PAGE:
Guadalajara is Mexico's second-largest city and capital of the state of Jalisco. It is a cultural center of Mexico, considered by most to be the home of mariachi music.
A center of learning, the city has 22 museums, six universities, two culinary institutes and a thriving art scene. It’s been the dwelling of distinguished poets, writers, painters, actors, film directors and representatives of the arts.
The Guadalajara metropolitan area has a population of 4.3 million, and includes seven adjacent municipalities. Our adventure focused on two of these municipalities: Tonalá and Tlaquepaque. We also researched another great pride of Jalisco – tequila.
Central Tlaquepaque is an artist colony along the pedestrian-only street Independencia. It includes studios of remarkable artists and galleries and shops providing talavera and other quality Mexican art. We looked for lodging within walking distance and found many options, choosing Casa Armonia, an eight-suite hotel with patio, pool, Jacuzzi and full breakfast included.
We were so lucky to connect with Victor, manager at the hotel. He arranged transport from the airport, and treated us to samples of his products: a beer made from agave, and his Destileria Las Juntas Tequila Reposado, produced in Amatitan. His tequila is sooo smooth and delicious!
For dinner, we went to El Abajeño, taking up half a block between Reforma and Juarez. With trees, fountains, large skylights, and bamboo and bushes around the edges, it’s almost a city park. We sat close to some mariachis serenading a table of 20. I picked a tequila from a page-long listing, and the waiter (attentive but almost invisible) served it along with a shot of lime juice (so much better than squeezing limes into my mouth) and a sangrita (tomato juice, orange juice, lemon, spice).
Guadalajara features chicharrón tacos, what Americans know as pork rinds or cracklings. But the taco version is not crispy and dry; it is soft and easily chewable, with lots of flavor.
Tonalá, which is an 80-peso ($6.40 US) taxi ride away, offers crafts, pottery, household accessories and cheap purchases. Many business reps and importers come here to buy wholesale.
On Thursdays, the market balloons to a mile-long collection of street booths. Traffic (both driving and walking) is slow, but the experience is worth the delay. Halina found some shoes she loved for less than $10, and we found Cofradia Tequila Reposado in a tasting room, which was very yummy. (But not as good as Victor’s.)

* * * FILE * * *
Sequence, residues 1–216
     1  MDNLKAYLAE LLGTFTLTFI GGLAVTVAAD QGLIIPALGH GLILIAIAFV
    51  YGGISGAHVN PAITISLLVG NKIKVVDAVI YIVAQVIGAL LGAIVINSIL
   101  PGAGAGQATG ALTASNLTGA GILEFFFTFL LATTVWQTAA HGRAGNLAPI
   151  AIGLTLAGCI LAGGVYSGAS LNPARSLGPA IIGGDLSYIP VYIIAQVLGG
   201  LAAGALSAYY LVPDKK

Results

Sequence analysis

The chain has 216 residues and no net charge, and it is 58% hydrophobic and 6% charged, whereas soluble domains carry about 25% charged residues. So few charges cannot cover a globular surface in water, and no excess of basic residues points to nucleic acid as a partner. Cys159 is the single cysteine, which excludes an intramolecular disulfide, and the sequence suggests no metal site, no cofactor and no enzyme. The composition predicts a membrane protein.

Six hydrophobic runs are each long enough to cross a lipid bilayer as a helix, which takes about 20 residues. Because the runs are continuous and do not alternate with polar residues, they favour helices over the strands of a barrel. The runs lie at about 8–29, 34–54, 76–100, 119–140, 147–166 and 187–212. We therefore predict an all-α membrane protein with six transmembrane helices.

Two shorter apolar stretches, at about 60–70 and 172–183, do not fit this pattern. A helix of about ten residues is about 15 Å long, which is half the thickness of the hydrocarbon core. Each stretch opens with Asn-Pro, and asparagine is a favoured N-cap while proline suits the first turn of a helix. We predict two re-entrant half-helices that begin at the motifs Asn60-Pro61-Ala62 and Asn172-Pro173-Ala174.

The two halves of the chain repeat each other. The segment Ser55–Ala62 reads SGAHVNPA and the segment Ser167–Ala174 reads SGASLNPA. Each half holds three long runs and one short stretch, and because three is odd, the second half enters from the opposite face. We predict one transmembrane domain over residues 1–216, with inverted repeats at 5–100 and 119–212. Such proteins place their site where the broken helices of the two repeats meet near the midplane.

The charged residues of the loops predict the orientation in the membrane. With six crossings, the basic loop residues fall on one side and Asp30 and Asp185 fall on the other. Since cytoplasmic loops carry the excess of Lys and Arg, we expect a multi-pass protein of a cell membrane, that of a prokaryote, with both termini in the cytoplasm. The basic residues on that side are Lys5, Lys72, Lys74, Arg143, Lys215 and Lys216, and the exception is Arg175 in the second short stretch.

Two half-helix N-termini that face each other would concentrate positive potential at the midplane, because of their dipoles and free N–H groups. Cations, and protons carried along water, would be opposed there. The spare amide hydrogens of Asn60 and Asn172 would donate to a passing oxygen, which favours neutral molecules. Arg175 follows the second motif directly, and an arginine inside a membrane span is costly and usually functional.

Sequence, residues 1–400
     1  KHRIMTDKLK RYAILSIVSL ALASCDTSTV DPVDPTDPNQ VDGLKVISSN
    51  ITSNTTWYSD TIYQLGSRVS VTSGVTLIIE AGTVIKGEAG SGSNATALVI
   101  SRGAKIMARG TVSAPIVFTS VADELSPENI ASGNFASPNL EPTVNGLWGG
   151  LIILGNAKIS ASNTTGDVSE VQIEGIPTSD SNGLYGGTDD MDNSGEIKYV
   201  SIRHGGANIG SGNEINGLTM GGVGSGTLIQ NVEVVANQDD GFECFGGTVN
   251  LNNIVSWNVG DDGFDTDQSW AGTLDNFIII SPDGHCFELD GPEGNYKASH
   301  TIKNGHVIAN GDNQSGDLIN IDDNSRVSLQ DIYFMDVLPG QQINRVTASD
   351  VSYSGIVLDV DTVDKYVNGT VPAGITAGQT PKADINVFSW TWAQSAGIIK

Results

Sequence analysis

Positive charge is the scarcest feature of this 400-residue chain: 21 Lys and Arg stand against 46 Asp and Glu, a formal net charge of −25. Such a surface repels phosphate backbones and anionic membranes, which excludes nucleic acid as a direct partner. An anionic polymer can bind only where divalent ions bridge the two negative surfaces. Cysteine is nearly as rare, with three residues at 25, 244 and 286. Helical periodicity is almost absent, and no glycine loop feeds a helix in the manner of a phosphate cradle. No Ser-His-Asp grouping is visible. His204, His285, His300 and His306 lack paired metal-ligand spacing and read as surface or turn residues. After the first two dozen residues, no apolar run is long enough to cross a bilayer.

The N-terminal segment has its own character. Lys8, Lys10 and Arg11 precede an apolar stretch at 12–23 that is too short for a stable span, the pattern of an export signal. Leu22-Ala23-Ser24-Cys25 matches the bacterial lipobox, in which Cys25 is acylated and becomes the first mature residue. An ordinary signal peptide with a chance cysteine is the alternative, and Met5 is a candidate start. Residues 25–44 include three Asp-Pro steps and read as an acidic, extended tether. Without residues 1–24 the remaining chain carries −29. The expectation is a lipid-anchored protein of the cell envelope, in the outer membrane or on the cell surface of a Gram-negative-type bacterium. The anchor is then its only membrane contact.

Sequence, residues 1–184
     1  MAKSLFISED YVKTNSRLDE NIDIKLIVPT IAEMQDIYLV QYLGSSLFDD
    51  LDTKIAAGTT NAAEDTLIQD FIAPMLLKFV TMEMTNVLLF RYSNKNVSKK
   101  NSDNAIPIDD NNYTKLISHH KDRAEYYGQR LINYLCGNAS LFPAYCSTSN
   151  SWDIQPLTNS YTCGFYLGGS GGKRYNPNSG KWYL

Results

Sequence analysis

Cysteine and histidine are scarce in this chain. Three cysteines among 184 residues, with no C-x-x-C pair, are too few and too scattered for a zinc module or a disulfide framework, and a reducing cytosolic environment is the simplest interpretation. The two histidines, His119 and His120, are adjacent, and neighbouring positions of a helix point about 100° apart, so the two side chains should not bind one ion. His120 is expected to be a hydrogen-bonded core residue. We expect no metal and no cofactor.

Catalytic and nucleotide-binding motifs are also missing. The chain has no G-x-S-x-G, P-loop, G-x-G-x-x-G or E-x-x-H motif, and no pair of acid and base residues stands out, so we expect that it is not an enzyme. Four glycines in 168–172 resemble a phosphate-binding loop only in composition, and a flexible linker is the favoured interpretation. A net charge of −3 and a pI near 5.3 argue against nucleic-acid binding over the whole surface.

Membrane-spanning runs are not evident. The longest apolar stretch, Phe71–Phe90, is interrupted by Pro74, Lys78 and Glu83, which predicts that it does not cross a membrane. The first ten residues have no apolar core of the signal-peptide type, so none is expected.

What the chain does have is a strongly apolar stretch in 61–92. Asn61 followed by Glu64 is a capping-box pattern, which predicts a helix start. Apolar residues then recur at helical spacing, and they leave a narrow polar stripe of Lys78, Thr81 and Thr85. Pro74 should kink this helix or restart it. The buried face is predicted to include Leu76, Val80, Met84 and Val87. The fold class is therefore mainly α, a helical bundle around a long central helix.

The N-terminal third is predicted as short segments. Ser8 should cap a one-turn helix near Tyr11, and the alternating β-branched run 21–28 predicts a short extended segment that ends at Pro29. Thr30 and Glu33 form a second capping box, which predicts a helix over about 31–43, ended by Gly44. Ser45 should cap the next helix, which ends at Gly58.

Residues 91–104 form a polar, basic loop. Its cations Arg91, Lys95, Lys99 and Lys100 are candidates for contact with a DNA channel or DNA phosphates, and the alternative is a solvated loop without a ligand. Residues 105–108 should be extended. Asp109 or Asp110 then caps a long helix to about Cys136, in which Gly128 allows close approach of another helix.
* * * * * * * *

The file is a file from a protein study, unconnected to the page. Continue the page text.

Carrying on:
Two blocks from our lodging was Parian, also known as Plaza de los Mariachis. It occupies a full block and has a large performance stage. There are 22 restaurants, defined not by walls, but by color/pattern changes in their tablecloths. At 3:30 and 9 p.m. there’s a showcase of mariachis and dancers on the stage. The pozole is delicious!
Artist studios, galleries and shops in Tlaquepaque are fascinatingly designed, exhibiting a variety of artistic expressions. Our favorite: Sergio Bustamante, whose gallery includes indoor and outdoor spaces and a variety of media.
Independencia also includes many attractive restaurants, many of which have interior patios to offer indoor or outdoor settings, and, of course, artwork everywhere. The art exposure was refreshing, even spirit-soaring.
Then we went to my cousin’s house, in central Guadalajara. Rodrigo, a land use/development attorney for 40 years, had made a ton of money, which he reinvested in property, making another ton of money, which enabled him to follow his passion of art collecting. His seriously fortified four-story house/office seems to have well over 100 rooms, and every wall, nook and cranny is occupied by art. I saw Picasso, Dali, Renoir, Kahlo, Ribera, large sculptures by the Italian masters, an extensive collection of intricate ivory carvings, even a six-foot intricately carved jade ship.
I've visited art galleries in San Diego, L.A., San Francisco, New York, Paris and Poland. Rodrigo’s collection was the most intense I have seen. Rodrigo, a close friend of Bustamante, presented us with a small sculpture by him that we brought home.